NRPLUS MEMBER ARTICLE W hen she’s running late for Mass, a friend of mine asks her guardian angel to go ahead and stand in for her at the church until she arrives. So she told me once. A canon lawyer would say no. I might lightly mock her sentimentality if it didn’t touch on a crucial question. Catholics cherish the real presence, as we call it, of Christ in the Eucharist, the bread and wine consecrated by the priest at Mass, but what about our presence? Is that a mystery too?
It is possible to be at Mass in body but not in spirit. We can park our bones in the house of God while in our minds we wander the valley of the shadow of hell: Maybe we find the music insipid, the homily banal, and begin to murmur mentally about wasted time. We grow resentful as the priest, the lectors, and the music director tacitly conspire to lengthen every syllable, prolong the pauses between words, and make the music slow. The hymns are no less unmemorable for our having to wait as the organ drowns out the handful of congregants pretending to sing all 14 verses.
The sacrifice on the altar is a great brilliant fire. The ceremony in which it is concealed according to the liturgical conventions of mainstream contemporary Catholicism is a dull leaden lump of a furnace. It’s an encumbrance. I would blast it away and cut to the chase, the sacrifice, a ritual that the priest can accomplish at a dignified pace in 20 minutes. Granted, the wish to embellish and adorn the Mass may be sweet, but most parish liturgy committees aspire to more than they achieve, unless (would this be worse?) what they do achieve is exactly what they aspire to.
Pardon my grouchiness. The typical Sunday Mass in 2020 pleases most Catholics who regularly attend it. Most Catholics don’t regularly attend it. Their reasons for staying away vary. Some don’t believe what the Church teaches about the real presence, the resurrection of the body, apostolic succession, the intercession of the saints. Others believe, more or less, but not in the ability of the Church’s leaders to communicate the splendor of the truth of the faith.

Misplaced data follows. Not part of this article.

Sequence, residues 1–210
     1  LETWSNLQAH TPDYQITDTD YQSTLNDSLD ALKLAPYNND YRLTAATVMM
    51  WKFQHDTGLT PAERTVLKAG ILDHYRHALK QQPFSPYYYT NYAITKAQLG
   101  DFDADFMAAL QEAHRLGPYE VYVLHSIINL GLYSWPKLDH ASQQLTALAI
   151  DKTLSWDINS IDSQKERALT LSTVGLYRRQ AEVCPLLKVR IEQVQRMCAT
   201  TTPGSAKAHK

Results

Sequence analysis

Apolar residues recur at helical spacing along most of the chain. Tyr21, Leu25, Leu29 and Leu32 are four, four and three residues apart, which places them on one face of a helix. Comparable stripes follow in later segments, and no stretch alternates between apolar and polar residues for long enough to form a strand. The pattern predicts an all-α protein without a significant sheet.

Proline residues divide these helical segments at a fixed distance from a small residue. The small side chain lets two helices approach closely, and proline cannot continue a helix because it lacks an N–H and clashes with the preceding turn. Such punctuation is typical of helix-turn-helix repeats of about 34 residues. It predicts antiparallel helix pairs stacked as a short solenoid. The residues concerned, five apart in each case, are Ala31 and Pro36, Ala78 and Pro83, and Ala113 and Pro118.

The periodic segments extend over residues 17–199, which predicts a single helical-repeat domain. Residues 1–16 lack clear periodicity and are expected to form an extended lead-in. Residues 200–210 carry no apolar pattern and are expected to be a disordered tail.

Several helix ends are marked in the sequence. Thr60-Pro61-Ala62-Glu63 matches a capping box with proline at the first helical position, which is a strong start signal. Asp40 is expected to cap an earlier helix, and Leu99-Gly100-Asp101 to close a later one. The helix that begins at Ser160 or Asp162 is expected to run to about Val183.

I sympathize with that latter group of nominal Catholics even while joining the regular churchgoers. Practicing Catholics know the drill: “On Sundays and other holy days of obligation, the faithful are obliged to participate in the Mass” (Code of Canon Law, can. 1247). (Note the word “participate.” I’ll come back to it.) The longstanding assumption among Catholics is that what constitutes a violation of our duty to participate is the failure to be physically present in a space where Mass is celebrated. Such a failure is a mortal sin.
You can understand why Catholics would settle on physical instead of mental presence as the criterion of participation. The line between being physically present and not physically present is, if not always indisputable, usually bright enough. How late can we arrive and still say that we went to Mass? (The most common answer, in my experience: No later than the beginning of the gospel.) How early can we leave? (After Communion, but not before? In any case, remember that we’re discouraged from cutting corners.)
I recently read that, according to the letter of canon law, we fulfill our obligation if we’re physically present anywhere on church property while Mass is being celebrated somewhere on it. Does that mean that we could spend the hour in the church parking lot, perhaps reading a book? The discussion online was theoretical and hedged with disclaimers: Be mindful that not everything that is lawful is recommended or beneficial. I confess that more than once I’ve walked out of Mass and gone to the Adoration chapel, to try to concentrate and pray.
Those who know Christianity only from a distance are often slow to recognize its emphasis on the corporeal: the Incarnation, the Resurrection, the largely biomedical and nutritive miracles that pervade the gospels. Catholics in particular appreciate devotions that are demonstrative and engage the whole body, as when a pilgrim travels to a holy place. We admire the power and the glory of the pious gesture and assume that the depth of the concomitant intention is probably commensurate. We forgive ourselves if it isn’t, figuring that by making the gesture we’ve made at least an act of will.
This Holy Week and Easter, given the pandemic, many of us feel deprived of the incarnational dimension of our faith as we pray the Mass while following it online. Good, if it jolts us from complacency, from an overestimation of the value of our bodily presence alone, from an overindulgence of our habit of mental absence during worship. From the other side of the screen on which I type these words, I’ve watched the pope say Mass in Rome. Whether my guardian angel flew there to represent me at the foot of the altar matters less than whether I cared enough to ask him.